Location and Farmability Are Key Factors in Farmland Prices

I’m frequently asked by sellers, “What is my farm worth?” Most assume if the neighbor’s farm brought a certain price, that their farm will match something similar. That is not always the case.

Recently, two Iowa farms sold 16 miles apart on the same day and in the same county. Yet, the final sale prices were miles apart. One farm was located on the west side of the county and the other on the east. The farm in the west boasted an 86.7 CSR2 (productivity rate), and the other held an 85.6 CSR2. The farmland in the west was 193 acres, and the farm in the east was 155 acres. Typically, people would think that two farms in the same county sold on the same day would likely fetch a similar price. These two farms sold $3,300 apart. The farm in the east with the lower CRS2 sold for $11,000 per acre, and the farm in the west sold for $7,700 per acre.

Location and Farmability

So, why did one farm bring so much more than the other? My answer for that is location and farmability. The west farm had a creek that cut through the middle of it and divided the farm into a north half and south half with different access points. The creek also ran at an angle through the farm, creating point rows for the current farmer. That farm also had two acreages that split off some of the ground. This made for a cost to the potential buyer in that area, and they bid accordingly. The farm on the east was, as I say, “square, flat, and black.” This makes for easy farming and saves one of our most important commodities – time. 

When comparing the two farms, most sellers would say they’re the same. After doing research on what the farms were selling for in that county, we found that the farms should fetch around $110 per CSR point. This would mean that both farms would be worth $9,350 to $9,460 per acre. All farm values start at the same point with a productivity score and land price averages. This is where most computer valuators and the assumptions put the value. I would disagree and would hope that all sellers would reach out to a land professional to assist with pricing farmland. The farms that have a more limited farmability aspect like the farm on the west will normally be discounted 10%. The farm on the west looked like four different tracts that needed to be farmed four different ways to the potential farmer/buyer. This would mean that the farm on the west should bring about $1,000 less than the farm on the east.

Location is my other reason for why farms sell for more or less money. In this case, the farm on the east should have sold for around $9,500, but instead brought $11,000 from competitive bidding along with the auction method of marketing.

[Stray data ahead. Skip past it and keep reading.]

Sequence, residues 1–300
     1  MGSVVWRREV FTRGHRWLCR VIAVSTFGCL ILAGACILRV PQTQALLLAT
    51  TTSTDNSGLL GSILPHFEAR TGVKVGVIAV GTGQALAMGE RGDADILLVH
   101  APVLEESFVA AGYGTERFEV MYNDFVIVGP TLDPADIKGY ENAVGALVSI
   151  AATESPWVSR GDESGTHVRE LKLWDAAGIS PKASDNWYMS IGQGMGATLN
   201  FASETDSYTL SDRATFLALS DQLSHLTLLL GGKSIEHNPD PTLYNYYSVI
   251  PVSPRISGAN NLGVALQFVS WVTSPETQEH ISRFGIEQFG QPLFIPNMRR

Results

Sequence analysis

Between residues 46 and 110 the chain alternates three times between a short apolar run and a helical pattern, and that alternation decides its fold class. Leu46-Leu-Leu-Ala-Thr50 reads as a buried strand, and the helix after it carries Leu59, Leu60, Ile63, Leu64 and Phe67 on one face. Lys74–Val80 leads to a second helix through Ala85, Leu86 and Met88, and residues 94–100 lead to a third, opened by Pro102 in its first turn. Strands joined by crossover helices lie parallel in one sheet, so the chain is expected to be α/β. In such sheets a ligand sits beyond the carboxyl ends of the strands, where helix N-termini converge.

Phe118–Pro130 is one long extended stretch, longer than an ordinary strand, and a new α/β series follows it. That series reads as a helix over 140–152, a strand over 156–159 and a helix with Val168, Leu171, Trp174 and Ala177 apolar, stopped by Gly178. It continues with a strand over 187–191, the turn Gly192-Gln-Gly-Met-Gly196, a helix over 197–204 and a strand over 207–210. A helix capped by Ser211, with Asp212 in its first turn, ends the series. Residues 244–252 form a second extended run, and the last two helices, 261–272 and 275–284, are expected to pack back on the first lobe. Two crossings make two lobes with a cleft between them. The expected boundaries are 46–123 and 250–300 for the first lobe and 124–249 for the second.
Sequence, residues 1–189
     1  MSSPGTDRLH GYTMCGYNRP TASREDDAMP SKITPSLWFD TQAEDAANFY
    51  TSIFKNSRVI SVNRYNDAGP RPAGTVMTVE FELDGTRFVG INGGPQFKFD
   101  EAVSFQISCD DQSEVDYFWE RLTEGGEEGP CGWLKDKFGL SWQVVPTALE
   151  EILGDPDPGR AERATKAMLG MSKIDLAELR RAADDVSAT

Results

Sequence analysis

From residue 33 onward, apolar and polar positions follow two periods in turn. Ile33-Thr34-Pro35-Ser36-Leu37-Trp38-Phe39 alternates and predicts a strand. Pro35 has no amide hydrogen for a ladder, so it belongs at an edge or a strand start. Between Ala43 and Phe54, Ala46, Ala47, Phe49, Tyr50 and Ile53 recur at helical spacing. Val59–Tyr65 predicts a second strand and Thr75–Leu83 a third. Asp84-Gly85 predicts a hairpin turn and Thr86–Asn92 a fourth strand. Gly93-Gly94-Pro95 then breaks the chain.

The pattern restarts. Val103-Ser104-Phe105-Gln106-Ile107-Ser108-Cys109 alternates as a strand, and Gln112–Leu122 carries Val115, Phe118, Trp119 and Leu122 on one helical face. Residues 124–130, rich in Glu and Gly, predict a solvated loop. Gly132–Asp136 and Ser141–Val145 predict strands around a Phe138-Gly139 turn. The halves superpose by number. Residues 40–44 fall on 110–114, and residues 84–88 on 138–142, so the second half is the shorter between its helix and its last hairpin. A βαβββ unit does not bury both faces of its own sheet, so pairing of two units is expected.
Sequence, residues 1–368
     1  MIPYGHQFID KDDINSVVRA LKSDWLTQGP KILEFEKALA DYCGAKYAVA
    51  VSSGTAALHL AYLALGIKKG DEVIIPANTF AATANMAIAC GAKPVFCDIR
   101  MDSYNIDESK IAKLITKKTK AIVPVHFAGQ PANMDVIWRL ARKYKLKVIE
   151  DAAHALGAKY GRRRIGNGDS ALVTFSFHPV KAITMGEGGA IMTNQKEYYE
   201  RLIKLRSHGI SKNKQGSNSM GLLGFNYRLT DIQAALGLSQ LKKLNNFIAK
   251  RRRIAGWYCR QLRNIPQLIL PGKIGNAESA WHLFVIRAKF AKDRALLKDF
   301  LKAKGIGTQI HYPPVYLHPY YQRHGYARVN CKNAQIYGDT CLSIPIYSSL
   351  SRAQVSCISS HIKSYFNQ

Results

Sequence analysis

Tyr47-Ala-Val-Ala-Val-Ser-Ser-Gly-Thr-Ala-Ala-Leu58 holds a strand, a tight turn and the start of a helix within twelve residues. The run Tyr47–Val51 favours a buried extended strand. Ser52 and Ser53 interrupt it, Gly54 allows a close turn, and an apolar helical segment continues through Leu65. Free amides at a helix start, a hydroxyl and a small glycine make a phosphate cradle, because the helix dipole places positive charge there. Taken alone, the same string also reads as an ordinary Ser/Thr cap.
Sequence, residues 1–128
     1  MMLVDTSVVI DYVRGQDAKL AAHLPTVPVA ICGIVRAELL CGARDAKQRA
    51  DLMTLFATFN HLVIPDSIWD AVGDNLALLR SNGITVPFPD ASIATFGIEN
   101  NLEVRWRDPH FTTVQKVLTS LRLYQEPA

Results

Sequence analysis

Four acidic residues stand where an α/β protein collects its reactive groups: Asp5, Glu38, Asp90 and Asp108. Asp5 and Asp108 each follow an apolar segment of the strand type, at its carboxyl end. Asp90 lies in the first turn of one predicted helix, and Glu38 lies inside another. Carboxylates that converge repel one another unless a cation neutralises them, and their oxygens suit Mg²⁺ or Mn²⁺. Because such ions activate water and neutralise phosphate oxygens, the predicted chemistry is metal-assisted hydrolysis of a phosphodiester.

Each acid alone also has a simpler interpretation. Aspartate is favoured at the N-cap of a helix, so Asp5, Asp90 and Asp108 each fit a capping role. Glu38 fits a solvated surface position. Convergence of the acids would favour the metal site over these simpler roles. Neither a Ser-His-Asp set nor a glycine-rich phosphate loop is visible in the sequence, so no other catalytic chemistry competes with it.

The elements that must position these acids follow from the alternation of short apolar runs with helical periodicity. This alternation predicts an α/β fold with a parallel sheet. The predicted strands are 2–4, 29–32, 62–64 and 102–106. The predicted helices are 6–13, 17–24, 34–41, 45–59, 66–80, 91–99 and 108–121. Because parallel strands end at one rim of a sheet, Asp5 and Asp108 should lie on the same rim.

Farmland on the west side of the county

farmland-west

FSA Farmland Acres 193.34 acres
FSA Cropland Acres 173.39 acres
Soil Productivity 86.5 CSR2
Corn Base 87.1 acres, PLC Yield 165
Soybean Base 80.5 acres, PLC Yield 41

Farmland on the east side of the county

farmland-east

FSA Farmland Acres 155.64
FSA Cropland Acres 154.60
Soil Productivity 85.7 CSR2
Corn Base 107.9 acres
Soybean Base 38.89 acres

Buyer Pools

At the end of the day, any farm is worth whatever the buyer is willing to give. The location of this farmland was the key factor that netted the seller more money. Different areas have different buying pools. Buyers can be different even in the same county. Most buyers have a type of land that fits with their program, location, equipment, farm ability, and budget. 

When you start to think about selling your farm, make sure you get all the data you can. Buyers are educated investors and will do the diligence in valuing your farm before they make the decision to bid or buy. Make sure the company you choose to advise you on selling is one that has the data and the resources to effectively market your land and bring the top bidding buyers to the table.

Written by David Whitaker, the owner of the auction and real estate company Whitaker Marketing Group. Dubbed the "Iowa Land Guy," Whitaker specializes in farmland auctions and also farms with his family outside Ames, Iowa. If you or someone you know is interested in selling a farm, contact a Whitaker Marketing Group land agent and they would be happy to answer questions or provide a free evaluation of your property.

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